Can a monkey own copyright in a image it has taken of itself? Surprisingly, as a consequence of PETA’s determination to assert Naruto the Monkey’s perceived rights, this is a question that has been causing consternation in legal circles for many years. Finally, however the question may have found its answer as a judgment made by the 9th U.S. Circuit Court of Appeals in San Francisco establishes a precedent in US law that: humans can hold copyright, and animals can’t. Of particular note was the Judge’s comment upon PETA’s attempt to dismiss the case – where the organization was criticised for appearing to abandon Naruto’s claims in favour of public image self-preservation. (Say that fast three times!) It remains to be seen whether PETA will appeal the ruling.
A registered trade mark (or indeed, set of registered trademarks) is the bedrock of each of the world’s biggest brands. Whether it’s a logo, slogan or other brand assets – these trade marks let people know what a brand promises.
In this ongoing series, our intellectual property specialists look at how some of the world’s most innovative businesses have built world-beating brands upon registered trade marks.
Brand Breakdown 001 Under Armour
In 1996 Under Armour Inc. was founded in Baltimore, Maryland, USA. Under Armour have since become known for producing sports apparel, as well as shoes, technology and associated services.
The company began when its founder Kevin Plank had become frustrated with the performance of cotton-based shirts as an American football player. This led to the invention of Under Armour’s first t-shirt using a new fabric that Plank engineered to make athletes more comfortable during exercise.
Specifically, the clothing was worn as a layer underneath athletic outerwear and was designed to help remove sweat from the body. Calling this product “Under Armour”, Plank avoided potential negative connotations associated with its utility – instead focusing on its positive aspect, positing the product as a unique protective layer under athletic clothing.
Under Armour’s offering has since expanded considerably – covering a range of outerwear more generally, and apparel and equipment for a range of different sports.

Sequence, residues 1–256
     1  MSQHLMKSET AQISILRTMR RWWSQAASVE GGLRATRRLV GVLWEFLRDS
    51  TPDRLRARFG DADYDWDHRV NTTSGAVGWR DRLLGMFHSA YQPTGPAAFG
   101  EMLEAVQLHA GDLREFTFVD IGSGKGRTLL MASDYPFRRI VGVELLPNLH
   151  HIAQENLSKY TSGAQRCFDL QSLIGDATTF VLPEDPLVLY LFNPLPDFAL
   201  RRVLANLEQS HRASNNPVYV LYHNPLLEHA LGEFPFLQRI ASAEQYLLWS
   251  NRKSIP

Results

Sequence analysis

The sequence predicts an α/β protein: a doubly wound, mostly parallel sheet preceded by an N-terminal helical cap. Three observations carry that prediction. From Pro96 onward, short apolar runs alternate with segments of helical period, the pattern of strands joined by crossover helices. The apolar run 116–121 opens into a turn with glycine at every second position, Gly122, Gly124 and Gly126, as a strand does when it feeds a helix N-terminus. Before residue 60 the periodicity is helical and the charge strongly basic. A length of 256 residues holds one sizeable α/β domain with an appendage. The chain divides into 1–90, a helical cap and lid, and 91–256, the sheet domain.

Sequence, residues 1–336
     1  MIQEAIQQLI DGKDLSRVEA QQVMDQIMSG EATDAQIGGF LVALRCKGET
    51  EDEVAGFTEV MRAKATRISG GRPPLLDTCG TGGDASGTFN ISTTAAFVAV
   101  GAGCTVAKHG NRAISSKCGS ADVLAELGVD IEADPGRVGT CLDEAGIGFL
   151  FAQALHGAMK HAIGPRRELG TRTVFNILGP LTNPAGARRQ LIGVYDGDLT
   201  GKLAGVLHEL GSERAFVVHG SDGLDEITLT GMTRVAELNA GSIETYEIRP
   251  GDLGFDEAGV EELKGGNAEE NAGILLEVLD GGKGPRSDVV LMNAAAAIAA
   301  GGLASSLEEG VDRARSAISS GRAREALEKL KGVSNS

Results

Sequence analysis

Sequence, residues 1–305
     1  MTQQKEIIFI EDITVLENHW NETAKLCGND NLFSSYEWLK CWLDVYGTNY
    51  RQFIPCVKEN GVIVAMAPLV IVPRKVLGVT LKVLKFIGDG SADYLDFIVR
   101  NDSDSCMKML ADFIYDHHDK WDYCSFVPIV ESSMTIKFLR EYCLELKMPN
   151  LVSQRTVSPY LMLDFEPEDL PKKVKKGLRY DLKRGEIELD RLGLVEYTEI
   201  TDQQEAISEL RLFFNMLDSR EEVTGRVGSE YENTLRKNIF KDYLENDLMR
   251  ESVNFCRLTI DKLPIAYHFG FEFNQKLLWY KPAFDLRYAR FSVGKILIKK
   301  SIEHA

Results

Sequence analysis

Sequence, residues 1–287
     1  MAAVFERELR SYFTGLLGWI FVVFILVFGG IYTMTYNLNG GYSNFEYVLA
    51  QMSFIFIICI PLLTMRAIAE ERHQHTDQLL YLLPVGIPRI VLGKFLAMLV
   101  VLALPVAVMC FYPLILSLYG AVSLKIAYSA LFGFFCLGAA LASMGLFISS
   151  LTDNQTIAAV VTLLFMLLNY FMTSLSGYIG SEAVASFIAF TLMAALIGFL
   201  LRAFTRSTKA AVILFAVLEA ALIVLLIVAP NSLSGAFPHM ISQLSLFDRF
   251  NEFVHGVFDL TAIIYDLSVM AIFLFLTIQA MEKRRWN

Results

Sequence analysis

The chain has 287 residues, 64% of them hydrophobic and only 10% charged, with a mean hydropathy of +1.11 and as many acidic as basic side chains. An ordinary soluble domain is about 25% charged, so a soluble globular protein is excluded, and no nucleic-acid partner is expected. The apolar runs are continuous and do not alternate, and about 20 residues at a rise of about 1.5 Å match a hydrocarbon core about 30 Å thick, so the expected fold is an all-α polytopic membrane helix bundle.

Since being founded, the brand has risen to a market capitalisation of around $7 billion as a publicly listed company.
The Trade Marks
The centrifuge of this brand in the UK consists of three registered trade marks. These are the word mark “UNDER ARMOUR” (mark UK00002537474 in class 18, 25 and 28), it’s logo (mark UK00002527477 in class 18, 25 and 28) and “HOVR” (mark UK00003261002 in class 25).
The first two marks protect Under Armour’s principal identity assets in; leather goods and sports bags (Class 18); the wider category of clothing, footwear and sporting apparel (Class 25); and sporting equipment and apparatuses (Class 28).
Registered mark “HOVR”, on the other hand, is only registered in Class 18, covering solely footwear. HOVR being a range of footwear produced by Under Armour that include a range of technology (e.g. air pockets in the sole to reduce impact, and Under Armour’s material technology).
Analysis: Messages, Meanings and Markets
When looking at a brand a distinction should be made between:
the products and services offered under a mark; and,
the broader meanings the brand promises customers for buying these products and services
Many successful brands in the past have refer to higher-order meanings to achieve this effect.
For example – Apple did not talk about the specifics of their computers, but instead encouraged its patrons to: “Think Different”, and celebrate the “Crazy Ones”. “Apple” as a brand and logo originally references Isaac Newton’s “Apple” that led him to the discovery of gravity. There is also a biblical inference there too.
You get the computer, but then you also become an Apple person – someone who shares the same creative and pioneering attitudes as those the brand proposes. In this way, what we buy says a lot about who we are: to others, and to ourselves.
As previously stated, “Under Armour” had initially simply described the utility of the marquee product – but now, as a trade mark, the name encompasses the entire brand offering.